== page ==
If you have been following any Michigan fishing reports, the salmon are starting their run.
When the chinook salmon, or otherwise known as king salmon, start their annual migration up the tributaries of Lake Michigan, a chain reaction of events begins to take place. It's this time of year when Ludington, Manistee and Muskegon start to attract thousands of fishermen. They aren't there looking for smallmouth bass or lake trout either. Salmon fishing in those areas is second to none and there are plenty of brown trout in good numbers, too. If the current Michigan fishing reports are legitimate, this is going to be one incredible year to be on the water.
If you talk to anyone who fished the salmon run last year, it was a year of big fish. Now, the rumors are starting to swirl that not only will this year have big fish, but there's going to be even more of them. A lot of this has to do with the fact that there has't been very hard winters over the past couple seasons so more baitfish have survived. Therefore, this has created a perfect storm of Lake Michigan king salmon to get even bigger with better-than-decent numbers for the Great Lakes. As of now, the water levels are still great. Rain has been in the forecast, as has colder weather, so fish are going to be on the move.
So, this is all well and good, but how do you go about actually catching these Michigan monsters? Well, right now in the early season, salmon are crushing crank baits like Thundersticks or other similar lures. Reports have been coming in from the Grand River and South Haven regarding fly fishing with big streamers. However, the best chance at catching these fish right now is with heavy spinning gear and braided line throwing the hard-body baits.
Anything white has been the going pattern, but fire-tiger colors have also been showing success. These salmon have been eating small baitfish out in the open water so they naturally key in on this pattern once inside the rivers, too. However, as the migration drags on and nears mid-September, egg patterns will be the only thing these fish will focus on.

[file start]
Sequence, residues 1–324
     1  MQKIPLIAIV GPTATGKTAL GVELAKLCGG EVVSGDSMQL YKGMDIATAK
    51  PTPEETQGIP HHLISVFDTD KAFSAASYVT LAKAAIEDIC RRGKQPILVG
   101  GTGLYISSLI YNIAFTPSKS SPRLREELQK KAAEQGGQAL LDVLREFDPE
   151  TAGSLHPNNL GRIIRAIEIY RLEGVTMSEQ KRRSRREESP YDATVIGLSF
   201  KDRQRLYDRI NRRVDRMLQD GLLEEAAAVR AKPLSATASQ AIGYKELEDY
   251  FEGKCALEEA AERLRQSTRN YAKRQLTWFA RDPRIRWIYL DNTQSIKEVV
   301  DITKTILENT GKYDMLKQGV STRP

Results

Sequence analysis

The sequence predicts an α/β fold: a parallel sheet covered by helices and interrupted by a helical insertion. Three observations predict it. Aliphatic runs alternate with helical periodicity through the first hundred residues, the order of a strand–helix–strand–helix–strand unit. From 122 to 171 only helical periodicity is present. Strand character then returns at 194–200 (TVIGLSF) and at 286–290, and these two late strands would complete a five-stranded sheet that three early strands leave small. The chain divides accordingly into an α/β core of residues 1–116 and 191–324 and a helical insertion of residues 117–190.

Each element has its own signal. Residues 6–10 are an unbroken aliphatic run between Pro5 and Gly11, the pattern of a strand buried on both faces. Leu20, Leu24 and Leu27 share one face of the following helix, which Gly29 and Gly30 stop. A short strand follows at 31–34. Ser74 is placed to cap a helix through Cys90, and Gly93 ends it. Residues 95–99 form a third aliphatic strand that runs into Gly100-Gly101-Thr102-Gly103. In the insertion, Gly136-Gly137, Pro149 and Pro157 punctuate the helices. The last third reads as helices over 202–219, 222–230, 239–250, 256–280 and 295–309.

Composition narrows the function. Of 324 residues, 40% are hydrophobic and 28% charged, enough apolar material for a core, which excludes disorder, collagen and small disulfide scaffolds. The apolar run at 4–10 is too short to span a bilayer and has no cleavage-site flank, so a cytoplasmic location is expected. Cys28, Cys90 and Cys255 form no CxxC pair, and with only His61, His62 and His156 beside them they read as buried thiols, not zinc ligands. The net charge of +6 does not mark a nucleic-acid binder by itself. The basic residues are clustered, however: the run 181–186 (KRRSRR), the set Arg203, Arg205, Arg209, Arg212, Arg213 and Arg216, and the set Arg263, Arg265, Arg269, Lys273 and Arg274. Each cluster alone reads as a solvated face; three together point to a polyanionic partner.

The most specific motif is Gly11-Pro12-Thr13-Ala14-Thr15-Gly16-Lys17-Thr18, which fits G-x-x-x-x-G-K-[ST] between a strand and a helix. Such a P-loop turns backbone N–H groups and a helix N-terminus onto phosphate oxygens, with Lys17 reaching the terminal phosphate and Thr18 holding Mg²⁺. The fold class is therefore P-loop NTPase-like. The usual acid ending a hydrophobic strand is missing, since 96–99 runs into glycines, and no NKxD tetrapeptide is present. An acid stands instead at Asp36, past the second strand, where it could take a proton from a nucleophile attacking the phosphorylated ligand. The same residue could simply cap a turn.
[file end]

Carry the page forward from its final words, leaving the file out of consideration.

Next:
It's also this time of year that you shouldn't be surprised if you hook into a good-sized northern pike or even a trophy smallmouth. They are there still, but when the kings come in, that's about the only game left in town.
Right now, fishing reports are showing the lower river parts downstream near the mouth have the most fish. Once some cold weather starts to hit the northern Michigan areas, fish will push heavy up river in good numbers. The Muskegon river, Manistee, Pere Marquette river, White and Grand Rapids are just a few of the rivers that all hold fish.
Over the next few weeks, once the early morning run of fish push through, they start to hang out in deeper water in the river channels throughout the day. Most of their activity where they really push to their spawning ground takes place at night. As a general rule, if you can't see the bottom and the water has a current, there are going to be salmon there. Watch for drop-offs next to rock bars. Those areas are normally loaded with fish.
Trout fishing can also be very productive in those same spots. As the kings reach gravel beds to spawn, trout tend to hang just behind them and eat the eggs that get lost in the shuffle. If you're drifting an egg pattern, or even a small white streamer in that general area, they can get eaten in a hurry. Sometimes some very early steelhead get in on the mix as well. However, if you hook into Michigan steel, you'll know it.
When you are talking about Michigan salmon fishing, it's all about being on the water at the right time. Most fishing reports light up with catch rates from the end of August through the end of September. Once October starts to roll around, you'll begin to find more dead king salmon that live ones. However, great fishing can still be had, it's just harder to come by. Decent numbers of steelhead begin to fill the Michigan rivers at that point. Then, a whole new batch of fishermen fill the rivers looking for chrome.
As most say, the peak time for Michigan salmon fishing is right around the third weekend of September. Any creek or river connected to Lake Michigan will be full of fish. Make sure you check the laws though before you make a decision to head that way. The Michigan Department of Natural Resources is there in force. Thousands of dollars in fines and tickets are issued every year to salmon fishermen trying to skirt the rules. If you want to see this first hand, just head to the Tippy Dam on the Manistee River. It can be a madhouse of salmon snagging every weekend.
If you want to get in on this, there are plenty of guide services that can put you on fish. For example Chad Betts is a go-to guy. He also updates his own Michigan fishing reports with a dialed-in forecast.
What are you waiting for?
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